Areumnari Ee: When Barbarism is Religion and Anxiety is Air: An Infrapoetic Analysis of Late Capitalism in South Korea
Advisor/tutor: Rachel O’Reilly
Arnhem, June 2018
This thesis addresses the relationship between aesthetic experience, the subject, and late capitalist modernity as infrastructures in South Korea. These relations are threaded through my own artistic analysis of three very specific infrastructural objects: the apartment, the subway and the ship. Objects which in turn come into focus as familiar surroundings of my upbringing. Further, my autobiographical and geopolitical treatment of these three objects is informed by recent theoretical work on the relationship between neoliberal global capitalism to affect and emotion – especially in the work of Lauren Berlant and Sarah Ahmed, and more specifically, by Park Hae Cheon, in relation to the South Korean context of this study.
The thesis is divided into chapters dedicated to each infrastructural object, and addresses recent histories, events and contradictory desires circulating in relation to them: the apartment as a ‘middle class mirage’ (Park) of late capitalist private achievement (unsettled vs. lost space); the subway as the conduit that ensures the mobility of worker bodies and by doing so reproduces transnational capital within the bounds of the nation (blinded vs. suspended space); and the ship, once a symbol of capitalist futurity, security and commodity circulation, now becoming a sign of death and abandonment in the imaginary of the deregulated national community – as emblematized by the Sewol ferry sinking incident (sunken vs. refloated space).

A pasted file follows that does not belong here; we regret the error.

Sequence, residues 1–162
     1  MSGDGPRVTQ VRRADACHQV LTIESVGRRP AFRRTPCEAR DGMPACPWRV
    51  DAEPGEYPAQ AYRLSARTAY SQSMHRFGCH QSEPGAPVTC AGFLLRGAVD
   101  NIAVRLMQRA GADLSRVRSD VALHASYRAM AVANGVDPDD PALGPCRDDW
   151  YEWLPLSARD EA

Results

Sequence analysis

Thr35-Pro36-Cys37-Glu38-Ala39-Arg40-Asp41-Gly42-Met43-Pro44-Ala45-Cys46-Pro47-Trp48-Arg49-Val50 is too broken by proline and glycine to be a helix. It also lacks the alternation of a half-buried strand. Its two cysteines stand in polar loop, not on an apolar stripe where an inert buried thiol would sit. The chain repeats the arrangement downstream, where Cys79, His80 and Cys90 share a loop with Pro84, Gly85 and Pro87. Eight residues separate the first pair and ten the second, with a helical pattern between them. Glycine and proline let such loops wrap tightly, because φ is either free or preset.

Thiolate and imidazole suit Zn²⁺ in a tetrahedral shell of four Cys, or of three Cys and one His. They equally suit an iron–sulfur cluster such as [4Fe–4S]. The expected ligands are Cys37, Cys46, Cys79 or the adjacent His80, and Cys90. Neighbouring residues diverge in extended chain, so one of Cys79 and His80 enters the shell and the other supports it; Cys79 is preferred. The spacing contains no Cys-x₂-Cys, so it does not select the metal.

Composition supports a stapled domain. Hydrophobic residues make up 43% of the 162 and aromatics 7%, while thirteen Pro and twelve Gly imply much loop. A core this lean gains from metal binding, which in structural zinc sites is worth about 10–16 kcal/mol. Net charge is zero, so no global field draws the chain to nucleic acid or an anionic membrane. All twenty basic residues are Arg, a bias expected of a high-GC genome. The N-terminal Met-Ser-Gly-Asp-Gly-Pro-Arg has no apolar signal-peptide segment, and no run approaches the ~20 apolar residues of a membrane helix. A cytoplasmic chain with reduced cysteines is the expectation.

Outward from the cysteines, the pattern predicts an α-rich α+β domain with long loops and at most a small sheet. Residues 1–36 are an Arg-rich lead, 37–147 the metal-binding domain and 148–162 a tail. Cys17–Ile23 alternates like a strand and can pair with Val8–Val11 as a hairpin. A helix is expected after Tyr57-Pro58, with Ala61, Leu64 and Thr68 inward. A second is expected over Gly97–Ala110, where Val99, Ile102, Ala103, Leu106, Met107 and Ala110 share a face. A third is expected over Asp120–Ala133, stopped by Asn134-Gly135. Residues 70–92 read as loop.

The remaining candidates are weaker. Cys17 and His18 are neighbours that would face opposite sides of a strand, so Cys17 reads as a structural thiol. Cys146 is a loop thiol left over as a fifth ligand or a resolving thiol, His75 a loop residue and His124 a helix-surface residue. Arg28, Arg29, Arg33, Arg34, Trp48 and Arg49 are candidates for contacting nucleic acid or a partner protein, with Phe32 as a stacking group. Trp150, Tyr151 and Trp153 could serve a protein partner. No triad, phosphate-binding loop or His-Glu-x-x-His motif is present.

Finally, after this focus on the aesthetic experience of infrastructural spaces in the aftermath of urban modernity, the question of ‘how to live’ in my work is subjectivized, analyzed, and poeticized through popular media formats and unconventional genres of digital art and commentary – my own and others’ – that address current generations caught in, and responding to, this historical present; within and beyond the South Korean context.